Summer Southern Oregon Trip: Part Two

Continued from Part One…

We toured the farms of Herb Pharm, a very forward thinking medicine company and received an incredible opportunity to experience the behind-the-scenes-generation of tinctures and all the checks and balances associated with good manufacturing practices for a company with such a wide distribution. We drove past Herbal Ed’s mansion and swimming pool, “the house that echinacea built,” and learned that Herbal Ed always had a vision to create a multi-million dollar herb company. Dr. Yew told us to “dream big, for you never know who will be the next Herbal Ed. It could very well be you!”

Dagmar, a brilliant chemical engineer with a beautiful and thick German accent, started us off Tuesday afternoon with information on manufacturing tinctures on such a large scale, and all of the ways that Herb Pharm takes care to maintain the integrity of their organic ingredients. We toured the drying rooms and fields, where we were able to hand pick Calendula with the interns and hear Dr. Nagel recount his time there in the 1980s as one of Herbal Ed’s first apprentices. Truly, we were on a tour of Dr. Yew’s old stomping grounds visiting his friends from before his time at NCNM and since.

A huge highlight for most of us was a day or two later on our tour of Seven Seeds Farm owned by the charismatic and passionate Don Tipping. He led us on a energetic, excited tour of his permacultured property that surely smacked of Eden and held a special mystery and future-oriented vision of what agriculture. As he explained, a berry that has 10 times more antioxidants than blue berries, “the next Acai berry, for sure,” a herd of sheep cantered by us and his dogs begged to be petted by those of us hanging onto his every word. Truly Don Tipping and his land changed my life. We swam in his pond and learned about his irrigation practices. When he took us inside after dark, we drank in the essence of his greenhouse built with reclaimed materials and the lodge where they harvest and process seeds. Since their main produce is seeds, along with CSAs, they feel they have a responsibility to future generations to hold and host seeds that have long been heirloomed or reclaimed. I think each of us were tempted to quit school, leave “Good Medicine,” and knock on Don’s door begging to learn from his seeming unending well of wisdom on the future of farming and how permaculture techniques can help heal the planet.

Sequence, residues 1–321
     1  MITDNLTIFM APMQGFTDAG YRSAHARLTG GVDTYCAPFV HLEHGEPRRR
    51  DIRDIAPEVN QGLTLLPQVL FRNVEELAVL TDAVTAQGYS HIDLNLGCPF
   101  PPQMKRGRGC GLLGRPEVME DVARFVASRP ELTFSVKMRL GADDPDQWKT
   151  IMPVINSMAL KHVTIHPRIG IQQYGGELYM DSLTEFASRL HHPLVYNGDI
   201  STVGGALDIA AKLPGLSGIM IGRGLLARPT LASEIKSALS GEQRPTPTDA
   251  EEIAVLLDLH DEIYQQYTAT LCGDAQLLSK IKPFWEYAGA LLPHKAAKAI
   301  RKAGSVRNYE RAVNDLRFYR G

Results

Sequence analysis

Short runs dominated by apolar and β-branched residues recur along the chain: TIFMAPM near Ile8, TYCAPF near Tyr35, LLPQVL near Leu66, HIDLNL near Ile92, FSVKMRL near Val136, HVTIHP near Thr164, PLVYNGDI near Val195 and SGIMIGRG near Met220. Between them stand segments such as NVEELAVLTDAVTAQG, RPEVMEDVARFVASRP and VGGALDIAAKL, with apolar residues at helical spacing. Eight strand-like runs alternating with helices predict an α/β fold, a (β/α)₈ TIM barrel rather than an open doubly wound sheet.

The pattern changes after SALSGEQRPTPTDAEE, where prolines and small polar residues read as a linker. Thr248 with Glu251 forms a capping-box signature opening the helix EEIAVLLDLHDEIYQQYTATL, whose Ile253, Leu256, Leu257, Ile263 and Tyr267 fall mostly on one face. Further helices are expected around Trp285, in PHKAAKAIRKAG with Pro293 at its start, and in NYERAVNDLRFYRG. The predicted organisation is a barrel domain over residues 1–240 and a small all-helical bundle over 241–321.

Mark Weiler of Pacific Botanicals proved to be just as endearing to us, but in a quieter, gentler way. He kindly ushered us along many of his 150 acres and told us to “take whatever you like” from his gorgeous fields hosting Echinacea, red clover, wood betony, thistles (“Mark, they’re paying you to grow weeds?” laughed Dr. Yew), ashwaganda, and so many more. His calm and sweet presence trickled over us on our last big tour, and we drank in his wisdom and the hard work of decades dedicated to growing medicines for the planet.

Kevin returned to us to close out all the amazing experiences from farm to outdoor classroom and helped us deliver our presentations under the gazebo in Herbal Ed’s herb garden. From Herbal Mad Libs, elegant poetry, Dr. Stanisbury’s Cedar Tree song to a plant spirit meditation, we communed together to close out a cleansing, healing, and ultimately transformational class. None of us wanted to leave Williams and the magic we found there. Luckily, we take with us the teachings of the botanicals, planted deep within our hearts and our spirits. With an overflowing and grateful heart, I encourage each of you to take an elective that takes you outside the buildings of NCNM and into nature’s truest classroom to experience why you are here and what this medicine means to you. I for one am so excited to return to school, renewed and ready to embrace another year of knowledge, with a widened and wondered sense of appreciation for the wisdom we have at our fingertips always just a breath, a word, or a road trip away. Aho!

by Mary Browne, NUNM naturopathic medicine student